Besides the knowledge of basic vocabulary, a good guessing strategy also requires a good foundation in the knowledge of the part of speech and morphology of words, which the student may not possess.
Even with proper training in guessing strategies, for an article with less than 90% of the words known to a student, most students have difficulty in applying the strategies. This can easily be proved by crossing out all the words which are not on the Oxford 3000TM word list Note in any newspaper article and presenting the article to an educated adult in Hong Kong. Most people will not have a reasonable comprehension on the article. Guessing strategy only works if the reader already has a vocabulary proficiency that can cover 95-99% of the words in an article, of course, the higher the better. Hirsh and Nation (1992) found that a vocabulary size of about 8500 head words was needed to cover 95% of running words in unsimplified novels.
Independent reading requires knowledge of at least 95% of running words in a text (Laufer 1989; Liu & Nation 1985). With 90% of the running words known, a user only has 26-36% chance guessing the meaning of an unfamiliar word right. With 96% of the running words known, the chance rises to 36–43% (Liu & Nation 1985).
On another hand, Paribakht and Wesche (1999) found that even of a text with 98% of the running words known to the readers, 55% of the unknown words were ignored by the readers while they were reading the text. The readers only applied guessing strategy onto 32% of the unknown words.
Prince (1995) also found that learning the meaning of a word from translation was far more effective than guessing the word from the context.
Guessing strategy was usually quoted as an applicable strategy because there was simply no better way to handle the sheer volume of vocabulary that a normal ESL (English as a Second Language) learner would encounter.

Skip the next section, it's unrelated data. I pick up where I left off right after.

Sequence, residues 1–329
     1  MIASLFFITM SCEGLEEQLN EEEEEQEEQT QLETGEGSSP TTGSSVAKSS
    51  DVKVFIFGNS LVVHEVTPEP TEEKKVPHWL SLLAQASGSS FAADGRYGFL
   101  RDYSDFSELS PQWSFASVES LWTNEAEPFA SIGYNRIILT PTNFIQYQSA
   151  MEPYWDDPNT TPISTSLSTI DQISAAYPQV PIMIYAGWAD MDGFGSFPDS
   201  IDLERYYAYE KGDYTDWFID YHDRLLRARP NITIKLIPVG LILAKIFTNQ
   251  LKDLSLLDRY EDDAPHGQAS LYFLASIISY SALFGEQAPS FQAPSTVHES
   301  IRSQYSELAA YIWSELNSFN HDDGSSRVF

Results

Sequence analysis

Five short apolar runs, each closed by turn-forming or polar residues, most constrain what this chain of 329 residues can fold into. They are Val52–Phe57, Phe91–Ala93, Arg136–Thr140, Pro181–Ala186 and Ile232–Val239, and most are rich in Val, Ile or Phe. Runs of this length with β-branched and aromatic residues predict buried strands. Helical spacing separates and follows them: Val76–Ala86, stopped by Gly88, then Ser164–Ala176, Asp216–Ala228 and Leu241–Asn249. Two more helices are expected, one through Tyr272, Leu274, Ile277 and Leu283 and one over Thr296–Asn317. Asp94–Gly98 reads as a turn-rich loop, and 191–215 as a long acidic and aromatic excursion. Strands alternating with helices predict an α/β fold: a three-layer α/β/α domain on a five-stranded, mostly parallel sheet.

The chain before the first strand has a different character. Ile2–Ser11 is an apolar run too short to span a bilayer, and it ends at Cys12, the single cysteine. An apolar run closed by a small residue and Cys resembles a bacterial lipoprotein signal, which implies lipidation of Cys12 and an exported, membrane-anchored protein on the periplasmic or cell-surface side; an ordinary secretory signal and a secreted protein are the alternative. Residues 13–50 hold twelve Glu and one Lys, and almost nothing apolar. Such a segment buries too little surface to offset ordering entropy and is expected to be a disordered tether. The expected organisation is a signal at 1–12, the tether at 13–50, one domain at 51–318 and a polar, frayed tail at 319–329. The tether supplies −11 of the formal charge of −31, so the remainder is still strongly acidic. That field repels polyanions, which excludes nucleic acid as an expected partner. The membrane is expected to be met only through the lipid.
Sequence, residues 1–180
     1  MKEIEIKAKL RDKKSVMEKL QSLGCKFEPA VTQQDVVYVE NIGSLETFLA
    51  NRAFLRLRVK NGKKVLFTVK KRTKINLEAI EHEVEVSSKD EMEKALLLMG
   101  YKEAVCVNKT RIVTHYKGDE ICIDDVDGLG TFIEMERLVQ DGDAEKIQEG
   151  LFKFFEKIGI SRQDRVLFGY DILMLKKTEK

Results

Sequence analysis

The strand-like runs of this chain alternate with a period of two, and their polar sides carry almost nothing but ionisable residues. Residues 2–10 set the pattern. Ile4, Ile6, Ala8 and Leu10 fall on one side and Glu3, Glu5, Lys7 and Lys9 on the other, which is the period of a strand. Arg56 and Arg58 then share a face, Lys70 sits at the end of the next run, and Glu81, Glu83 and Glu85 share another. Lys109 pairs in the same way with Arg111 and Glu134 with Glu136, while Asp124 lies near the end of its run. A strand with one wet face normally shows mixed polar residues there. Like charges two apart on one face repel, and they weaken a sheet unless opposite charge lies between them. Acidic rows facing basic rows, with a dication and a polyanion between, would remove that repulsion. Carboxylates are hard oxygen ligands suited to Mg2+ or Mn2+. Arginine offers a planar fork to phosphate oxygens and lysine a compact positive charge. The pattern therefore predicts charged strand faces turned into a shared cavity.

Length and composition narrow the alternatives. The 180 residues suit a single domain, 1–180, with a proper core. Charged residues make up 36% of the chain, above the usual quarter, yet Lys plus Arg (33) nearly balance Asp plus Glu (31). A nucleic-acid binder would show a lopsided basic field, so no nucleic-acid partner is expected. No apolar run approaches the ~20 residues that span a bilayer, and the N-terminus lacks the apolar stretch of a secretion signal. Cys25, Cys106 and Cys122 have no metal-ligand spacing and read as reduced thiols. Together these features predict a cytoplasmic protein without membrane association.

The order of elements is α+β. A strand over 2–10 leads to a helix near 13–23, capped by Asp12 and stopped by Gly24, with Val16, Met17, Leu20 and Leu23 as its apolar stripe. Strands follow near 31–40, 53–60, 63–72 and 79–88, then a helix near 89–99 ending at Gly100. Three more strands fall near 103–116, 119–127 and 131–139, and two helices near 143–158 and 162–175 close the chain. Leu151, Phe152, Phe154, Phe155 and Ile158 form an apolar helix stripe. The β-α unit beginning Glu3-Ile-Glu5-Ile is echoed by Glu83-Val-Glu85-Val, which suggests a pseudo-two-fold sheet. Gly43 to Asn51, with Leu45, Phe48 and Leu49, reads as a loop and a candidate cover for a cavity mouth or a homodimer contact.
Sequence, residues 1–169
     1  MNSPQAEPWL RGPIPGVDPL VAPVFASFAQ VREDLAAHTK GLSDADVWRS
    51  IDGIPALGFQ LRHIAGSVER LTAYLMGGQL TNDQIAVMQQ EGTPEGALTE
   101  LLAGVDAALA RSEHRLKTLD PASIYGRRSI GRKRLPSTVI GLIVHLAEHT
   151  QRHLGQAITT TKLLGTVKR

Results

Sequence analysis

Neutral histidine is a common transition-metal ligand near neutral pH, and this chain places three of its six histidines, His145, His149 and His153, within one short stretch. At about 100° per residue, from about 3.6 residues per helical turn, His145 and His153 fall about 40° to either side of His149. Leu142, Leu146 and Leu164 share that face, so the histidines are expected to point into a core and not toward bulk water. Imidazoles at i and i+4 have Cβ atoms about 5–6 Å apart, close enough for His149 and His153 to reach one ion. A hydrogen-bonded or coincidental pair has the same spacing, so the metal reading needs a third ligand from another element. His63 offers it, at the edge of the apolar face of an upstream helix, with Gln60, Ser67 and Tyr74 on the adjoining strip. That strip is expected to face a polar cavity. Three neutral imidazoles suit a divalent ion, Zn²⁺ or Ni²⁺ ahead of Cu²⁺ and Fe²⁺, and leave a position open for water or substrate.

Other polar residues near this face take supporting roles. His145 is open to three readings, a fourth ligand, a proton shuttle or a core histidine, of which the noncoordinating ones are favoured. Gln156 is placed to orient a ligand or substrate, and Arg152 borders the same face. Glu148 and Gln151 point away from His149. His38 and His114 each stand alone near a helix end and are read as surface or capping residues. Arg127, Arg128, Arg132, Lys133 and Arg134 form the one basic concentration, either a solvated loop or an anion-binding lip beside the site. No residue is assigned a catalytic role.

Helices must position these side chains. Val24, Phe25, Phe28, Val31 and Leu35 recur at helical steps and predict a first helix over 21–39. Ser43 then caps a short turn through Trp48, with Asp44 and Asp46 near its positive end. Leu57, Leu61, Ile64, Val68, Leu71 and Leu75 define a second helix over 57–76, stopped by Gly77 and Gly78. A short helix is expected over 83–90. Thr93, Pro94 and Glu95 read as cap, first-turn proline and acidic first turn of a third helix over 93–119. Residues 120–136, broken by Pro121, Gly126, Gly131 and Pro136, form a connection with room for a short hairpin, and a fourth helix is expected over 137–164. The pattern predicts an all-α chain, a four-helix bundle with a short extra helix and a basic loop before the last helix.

A typical primary school student in Hong Kong knew only about 400-600 general words upon graduation. Considering the fact that most of them started learning English from K1, their average daily acquisition rate was only about 0.12–0.14 word/day. At Secondary 1, across the subjects, the vocabulary demand is between 2000-5000 words, about 800 of which are general academic words and the rest subject-specific (Evans, Hoare, O’Halloran & Walker 2001). To cope with this dramatic difference, there is an urgent need to increase the acquisition rate of students to 4.6–15 words/day.
The Vocablearning computer-aided learning platform adopts a very different approach to tackle the problem. By using a mathematic algorithm to generate a tailor-made 10-minute daily exercise for the users, it enables its user to recognize and remember about 5-10 words a day. A computer generated exercise seems to be less sophisticated than a teacher-directed writing assignment. However, according to Folse (1999), it is the frequency of the retrieval that matters most in the memorization of words, not the form of retrieval. Vocablearning can help the student to give an adequate revision coverage to all the content words, about 10,000, that appear in the secondary curriculum.
Note : Oxford 3000TM word list contains 3000 keywords which have been carefully selected by a group of language experts and experienced teachers as the words which should receive priority in vocabulary study because of their importance and usefulness. Two sample articles, excerpts from Harry Potter and SCMP, with the words not on the list crossed out are attached for easy reference.